Alcohol consumption and bladder cancer risk: results from The Netherlands Cohort Study.

M.P.A. Zeegers, A. Volovics, E. Dorant, R.A. Goldbohm, P.A. van den Brandt

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Abstract

Am J Epidemiol 2001 Jan 1;153(1):38-41 Related Articles, Books, LinkOut


Alcohol consumption and bladder cancer risk: results from The Netherlands Cohort Study.

Zeegers MP, Volovics A, Dorant E, Goldbohm RA, van den Brandt PA.

Department of Epidemiology, Maastricht University, The Netherlands. mpa.zeegers@epid.unimaas.nl

Although several epidemiologic studies have been conducted on alcohol consumption and bladder cancer risk, the risk according to quantity and type of alcohol consumed is not clear. The authors investigated these associations in a large prospective cohort study on diet and cancer among 120,852 subjects in the Netherlands aged 55-69 years at baseline (1986). Subjects completed a questionnaire on risk factors for cancer, including alcohol consumption. Follow-up for incident cancer was established by record linkage to cancer registries. The case-cohort analysis was restricted to a follow-up period of 6.3 years and was based on 594 cases with bladder cancer and 3,170 subcohort members. The authors corrected for age and smoking in multivariable analyses. The incidence rate ratios for men who consumed <5, 5-<15, 15-<30, and > or =30 grams of alcohol per day were 1.49, 1.52, 1.16, and 1.63 compared with nondrinkers, respectively (p for trend = 0.13). Alcohol consumed from beer, wine, and liquor was associated with moderately elevated risks, although most were not statistically significant. The incidence rate ratios for women varied around unity. The results of this study do not suggest an important association between alcohol consumption and bladder cancer risk.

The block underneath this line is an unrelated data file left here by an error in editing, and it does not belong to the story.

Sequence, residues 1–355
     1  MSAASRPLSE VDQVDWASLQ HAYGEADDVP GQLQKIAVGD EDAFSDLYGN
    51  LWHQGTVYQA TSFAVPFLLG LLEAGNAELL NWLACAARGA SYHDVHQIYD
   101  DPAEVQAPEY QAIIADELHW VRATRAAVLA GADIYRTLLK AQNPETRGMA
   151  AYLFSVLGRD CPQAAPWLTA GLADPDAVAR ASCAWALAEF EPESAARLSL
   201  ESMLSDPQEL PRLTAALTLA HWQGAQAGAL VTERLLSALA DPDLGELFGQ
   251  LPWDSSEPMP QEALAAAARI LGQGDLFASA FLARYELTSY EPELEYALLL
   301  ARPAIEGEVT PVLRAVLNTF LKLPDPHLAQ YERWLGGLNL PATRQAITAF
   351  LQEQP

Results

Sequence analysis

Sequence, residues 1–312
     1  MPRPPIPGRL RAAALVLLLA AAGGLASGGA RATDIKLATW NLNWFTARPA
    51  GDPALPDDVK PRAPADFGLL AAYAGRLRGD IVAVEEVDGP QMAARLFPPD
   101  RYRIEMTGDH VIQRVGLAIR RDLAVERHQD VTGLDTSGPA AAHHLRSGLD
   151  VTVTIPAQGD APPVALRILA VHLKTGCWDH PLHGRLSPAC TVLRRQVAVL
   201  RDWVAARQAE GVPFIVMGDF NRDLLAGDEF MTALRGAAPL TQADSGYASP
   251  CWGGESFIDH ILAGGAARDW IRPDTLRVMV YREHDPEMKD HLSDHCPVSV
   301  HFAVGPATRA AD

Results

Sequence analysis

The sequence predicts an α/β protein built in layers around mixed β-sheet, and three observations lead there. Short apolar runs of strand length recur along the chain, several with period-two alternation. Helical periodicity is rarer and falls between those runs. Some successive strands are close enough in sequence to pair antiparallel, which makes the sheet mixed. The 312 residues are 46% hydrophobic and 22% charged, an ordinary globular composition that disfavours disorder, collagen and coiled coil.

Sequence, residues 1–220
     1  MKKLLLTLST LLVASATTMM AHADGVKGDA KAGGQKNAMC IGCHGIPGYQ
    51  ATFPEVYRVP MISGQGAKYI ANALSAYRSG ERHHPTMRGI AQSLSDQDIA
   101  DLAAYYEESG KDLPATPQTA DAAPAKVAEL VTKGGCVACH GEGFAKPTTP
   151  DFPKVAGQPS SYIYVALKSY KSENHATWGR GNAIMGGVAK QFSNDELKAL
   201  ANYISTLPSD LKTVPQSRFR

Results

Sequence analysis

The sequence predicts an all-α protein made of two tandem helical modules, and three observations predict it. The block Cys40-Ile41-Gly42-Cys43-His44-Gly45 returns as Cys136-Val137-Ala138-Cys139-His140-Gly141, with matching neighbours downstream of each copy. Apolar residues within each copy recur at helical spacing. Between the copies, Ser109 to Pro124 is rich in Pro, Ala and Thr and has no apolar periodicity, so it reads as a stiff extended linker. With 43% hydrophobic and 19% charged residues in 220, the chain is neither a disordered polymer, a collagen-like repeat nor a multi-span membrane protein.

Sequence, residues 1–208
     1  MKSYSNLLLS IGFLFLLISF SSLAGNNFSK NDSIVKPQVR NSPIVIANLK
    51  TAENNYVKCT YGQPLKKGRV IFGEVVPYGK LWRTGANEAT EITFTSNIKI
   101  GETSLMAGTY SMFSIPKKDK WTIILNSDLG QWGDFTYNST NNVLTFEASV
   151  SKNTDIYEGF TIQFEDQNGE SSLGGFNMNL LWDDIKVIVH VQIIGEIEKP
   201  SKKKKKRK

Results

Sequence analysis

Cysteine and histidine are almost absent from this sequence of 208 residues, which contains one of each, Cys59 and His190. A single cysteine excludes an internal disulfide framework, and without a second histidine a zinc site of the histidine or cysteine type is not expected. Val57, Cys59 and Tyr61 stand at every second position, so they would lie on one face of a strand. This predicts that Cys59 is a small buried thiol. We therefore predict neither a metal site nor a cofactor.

Original languageEnglish
Pages (from-to)38-41
Number of pages4
JournalAmerican Journal of Epidemiology
Volume153
DOIs
Publication statusPublished - 1 Jan 2001

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